It differs to previous Maserati Biturbos thanks to developments such as enlarged IHI RHB 5.2 turbochargers. These supply healthy boost (1.1 bar) to a redeveloped version of the classic quadruple valve layout, which has beltdriven twin overhead camshafts for each triple cylinder bank and sodium treatment for the exhaust valves.
The short-stroke V6 (82×63 mm) continues to have its 7.6:1 compression cylinder heads cast by Cosworth at Worcester (as does the Shamal V8, incidentally). The limited slip differential is based on Salisbury components.
We hear that the Barchetta was crash tested in Britain for the European authorities, before the bug-eyed wonder is made available for those who want that ‘racing car on the road’ feeling next spring. In the UK, the Barchetta will be price between C70,000-80,000. It is thought up to half a dozen lhd examples could be imported.
Also expected in Britain next spring, but likely to have a torquier 2.8-litre V6 and a five-speed Getrag gearbox, rather than the two-litre/six-speed layout we enjoyed, is the latest machine to sport a Ghibli badge.
This features the traditional Maserati frontengined/rear-drive format, but the independent strut suspension is a masterpiece of crafted location tubes (the front has a double wishbone below the strut) and a cast alloy lower arm almost worth mantelpiece space. Giant ATE disc braking systems fill up the spokes of 16 in alloy wheels (7 and 8J), but anti-lock braking is at least two years away. “Anyway, our braking system is very good. and I am not terribly interested in ABS,” says Alejandro de Tomaso provocatively. The controversial autocrat has run Maserati since 1975 (it is now 49 per cent Fiat-owned) and also has managerial/financial control of Innocenti, Moto Guzzi and the aged development of the de Tomaso Pantera line (still Ford V8 powered, but a proposed replacement is whispered to have BMW propulsion).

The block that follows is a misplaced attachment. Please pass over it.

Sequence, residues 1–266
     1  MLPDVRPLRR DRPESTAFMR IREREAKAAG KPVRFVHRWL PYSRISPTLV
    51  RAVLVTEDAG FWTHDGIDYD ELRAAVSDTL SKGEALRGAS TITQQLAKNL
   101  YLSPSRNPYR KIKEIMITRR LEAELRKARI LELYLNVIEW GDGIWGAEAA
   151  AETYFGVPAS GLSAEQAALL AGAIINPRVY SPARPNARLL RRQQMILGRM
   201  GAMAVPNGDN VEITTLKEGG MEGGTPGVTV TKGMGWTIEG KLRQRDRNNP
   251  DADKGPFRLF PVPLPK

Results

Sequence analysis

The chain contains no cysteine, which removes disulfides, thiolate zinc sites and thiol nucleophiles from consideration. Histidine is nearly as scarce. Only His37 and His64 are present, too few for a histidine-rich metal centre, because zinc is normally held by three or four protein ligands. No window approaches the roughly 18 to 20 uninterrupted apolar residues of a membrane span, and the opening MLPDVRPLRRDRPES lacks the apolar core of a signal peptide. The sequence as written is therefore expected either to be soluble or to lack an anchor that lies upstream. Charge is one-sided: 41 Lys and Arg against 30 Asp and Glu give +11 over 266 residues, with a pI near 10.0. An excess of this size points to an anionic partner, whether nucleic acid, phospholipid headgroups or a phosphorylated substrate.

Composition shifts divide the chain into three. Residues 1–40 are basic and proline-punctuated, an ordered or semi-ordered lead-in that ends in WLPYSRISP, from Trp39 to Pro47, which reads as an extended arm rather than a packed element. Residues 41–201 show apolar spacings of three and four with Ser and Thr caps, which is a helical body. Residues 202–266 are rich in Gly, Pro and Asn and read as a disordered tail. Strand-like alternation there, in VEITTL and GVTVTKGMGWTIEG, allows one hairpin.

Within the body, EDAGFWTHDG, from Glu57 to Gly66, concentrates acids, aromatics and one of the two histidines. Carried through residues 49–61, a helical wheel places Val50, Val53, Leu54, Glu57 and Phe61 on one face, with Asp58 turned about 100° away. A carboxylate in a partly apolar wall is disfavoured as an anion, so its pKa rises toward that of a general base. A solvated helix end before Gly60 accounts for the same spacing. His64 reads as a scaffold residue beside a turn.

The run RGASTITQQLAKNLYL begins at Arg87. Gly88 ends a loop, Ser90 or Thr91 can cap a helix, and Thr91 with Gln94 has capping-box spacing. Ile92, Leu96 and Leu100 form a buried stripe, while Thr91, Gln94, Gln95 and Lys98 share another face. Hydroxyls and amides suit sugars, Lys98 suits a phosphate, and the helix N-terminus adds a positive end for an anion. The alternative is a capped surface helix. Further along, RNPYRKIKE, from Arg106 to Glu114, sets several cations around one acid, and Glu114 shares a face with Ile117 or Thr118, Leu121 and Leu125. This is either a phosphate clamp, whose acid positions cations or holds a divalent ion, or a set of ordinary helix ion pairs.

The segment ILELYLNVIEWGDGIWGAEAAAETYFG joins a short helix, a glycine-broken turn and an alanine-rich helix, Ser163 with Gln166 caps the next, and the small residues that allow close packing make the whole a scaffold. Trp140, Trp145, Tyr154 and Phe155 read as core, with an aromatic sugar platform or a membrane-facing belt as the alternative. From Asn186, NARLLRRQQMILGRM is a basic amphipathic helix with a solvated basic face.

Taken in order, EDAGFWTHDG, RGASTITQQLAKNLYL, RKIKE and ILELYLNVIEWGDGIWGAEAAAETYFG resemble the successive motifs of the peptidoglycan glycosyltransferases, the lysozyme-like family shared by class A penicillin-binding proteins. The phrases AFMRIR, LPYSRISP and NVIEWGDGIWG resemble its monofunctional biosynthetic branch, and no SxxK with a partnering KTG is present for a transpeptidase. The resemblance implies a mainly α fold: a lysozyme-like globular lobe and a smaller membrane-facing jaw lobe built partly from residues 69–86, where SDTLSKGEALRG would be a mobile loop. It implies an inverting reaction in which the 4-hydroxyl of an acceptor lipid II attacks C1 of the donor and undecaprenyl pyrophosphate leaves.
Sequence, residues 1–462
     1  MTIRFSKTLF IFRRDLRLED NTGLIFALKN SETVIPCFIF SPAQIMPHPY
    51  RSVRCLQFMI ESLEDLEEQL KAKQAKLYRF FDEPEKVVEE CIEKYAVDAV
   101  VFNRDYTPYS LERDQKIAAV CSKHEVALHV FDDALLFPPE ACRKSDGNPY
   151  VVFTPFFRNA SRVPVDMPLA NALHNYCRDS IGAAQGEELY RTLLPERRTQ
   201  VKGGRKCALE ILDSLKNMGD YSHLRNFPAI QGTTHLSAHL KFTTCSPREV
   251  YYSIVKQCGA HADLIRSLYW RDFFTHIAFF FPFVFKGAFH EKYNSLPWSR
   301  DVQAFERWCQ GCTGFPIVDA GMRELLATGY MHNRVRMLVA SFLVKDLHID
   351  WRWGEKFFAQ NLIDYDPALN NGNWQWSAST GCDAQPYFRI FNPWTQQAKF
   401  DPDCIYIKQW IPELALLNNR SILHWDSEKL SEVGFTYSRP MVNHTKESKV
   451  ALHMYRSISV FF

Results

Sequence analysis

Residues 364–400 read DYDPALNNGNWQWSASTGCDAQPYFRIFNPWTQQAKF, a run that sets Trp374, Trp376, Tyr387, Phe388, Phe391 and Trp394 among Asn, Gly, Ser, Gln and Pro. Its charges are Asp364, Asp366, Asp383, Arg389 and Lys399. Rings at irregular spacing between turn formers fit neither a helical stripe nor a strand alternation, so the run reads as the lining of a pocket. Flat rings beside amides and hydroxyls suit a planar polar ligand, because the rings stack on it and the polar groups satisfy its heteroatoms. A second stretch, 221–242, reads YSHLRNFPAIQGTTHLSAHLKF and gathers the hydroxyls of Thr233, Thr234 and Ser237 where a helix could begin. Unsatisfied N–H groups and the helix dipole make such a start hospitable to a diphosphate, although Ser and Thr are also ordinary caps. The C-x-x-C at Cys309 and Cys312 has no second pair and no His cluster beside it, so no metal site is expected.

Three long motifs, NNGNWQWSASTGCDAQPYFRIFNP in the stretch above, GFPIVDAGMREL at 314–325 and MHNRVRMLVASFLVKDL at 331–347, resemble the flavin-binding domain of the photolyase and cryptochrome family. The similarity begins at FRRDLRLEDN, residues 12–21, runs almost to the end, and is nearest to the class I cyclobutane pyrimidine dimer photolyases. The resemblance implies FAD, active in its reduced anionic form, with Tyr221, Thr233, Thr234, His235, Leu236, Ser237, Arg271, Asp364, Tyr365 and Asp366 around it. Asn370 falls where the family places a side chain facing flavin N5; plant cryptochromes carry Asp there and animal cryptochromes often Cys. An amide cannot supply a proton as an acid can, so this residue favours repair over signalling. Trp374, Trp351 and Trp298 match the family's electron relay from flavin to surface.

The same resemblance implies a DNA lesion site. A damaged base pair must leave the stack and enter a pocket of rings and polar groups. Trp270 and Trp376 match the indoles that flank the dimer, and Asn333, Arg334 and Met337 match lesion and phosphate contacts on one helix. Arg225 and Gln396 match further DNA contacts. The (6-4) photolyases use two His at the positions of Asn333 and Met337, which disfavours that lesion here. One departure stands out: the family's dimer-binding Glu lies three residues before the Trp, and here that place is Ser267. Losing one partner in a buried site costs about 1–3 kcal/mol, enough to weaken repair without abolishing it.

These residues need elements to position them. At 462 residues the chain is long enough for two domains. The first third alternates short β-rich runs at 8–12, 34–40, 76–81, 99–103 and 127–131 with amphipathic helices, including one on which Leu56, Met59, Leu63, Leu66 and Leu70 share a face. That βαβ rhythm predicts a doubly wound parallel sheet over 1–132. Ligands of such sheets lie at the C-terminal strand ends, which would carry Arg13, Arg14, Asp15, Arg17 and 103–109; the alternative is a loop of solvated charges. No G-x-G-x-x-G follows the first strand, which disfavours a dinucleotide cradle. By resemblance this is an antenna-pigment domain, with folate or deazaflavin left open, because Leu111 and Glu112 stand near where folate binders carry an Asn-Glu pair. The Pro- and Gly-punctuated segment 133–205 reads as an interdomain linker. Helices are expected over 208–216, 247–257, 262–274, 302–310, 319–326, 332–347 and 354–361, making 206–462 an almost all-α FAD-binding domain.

The Barchetta two-seater road car is closely based on those that have competed in the 1992 Grantrofeo Barchetta, a one-marque series that characteristically kicked off late and provided a platform for unemployed former TA/R Jaguar driver John Nielsen to win all seven rounds! The cars are unusual not just for their enticing aluminium honeycomb chassis and composite body (mainly glassfibre in appearance), but also because they run Michelin MXX3 road tyres (245/40 ZR fronts and 285/35 rears on 8 and 10.5Jx18 Machesini rim sections). A six-speed Getrag is deployed (with right-hand gearchange) along with a 3.875 final drive that allegedly allows over 186 mph. Depending on your choice of final drive (there are three available), it is possible to sprint from rest to 62 mph in 4.8s.
The conversion from race car to Barchetta Stradale is simple. Officially, it is described thus: “There are two headlamps and sets of seat belts, but we don’t do carpets or any of those soft things!”
Looking around the press conference example and some of the racers that arrived with a magnificent police escort, an absence of silencing and no lights in the fog, it could be seen that Maserati has actually done quite a bit more than that. Most obvious is the absence of the rear wing, and dual exhausts became quadruple chrome affairs for the street. Most of the racers used small Momo steering wheels, whereas the Stradale wore a more sturdy implement and the seats tended to vary as well. Some of the racers had larger boost gauges deployed: we could hardly fail to notice that some were looking for 1.5 bar rather than the usual 1.1.
We were passengers in two new Ghiblis and drove one example. As with our recent Shamal V8 experience (see MOTOR SPORT, November 1992), we were genuinely surprised at the unique motoring experience Maserati is offering at prices clearly below that of the benchmark Porsche 91 I . Expect the Ghibli to cost £45,000 in Britain (it is currently just under £40,000 in Italy), but remember it will not have the engine and gearbox we tried.
As a passenger the docile ride four-position electronic damper adjustment is standard and excellent engine management by Weber Marelli were immediately apparent. Without the brace of a steering wheel, the test driver’s foggy pace in the 160-180 km/h band (100-112 mph) was only fed to us in the form of the tremendous cornering loads generated by the plump Michelins at work on the pockmarked grime of the moderately twisty autostrada.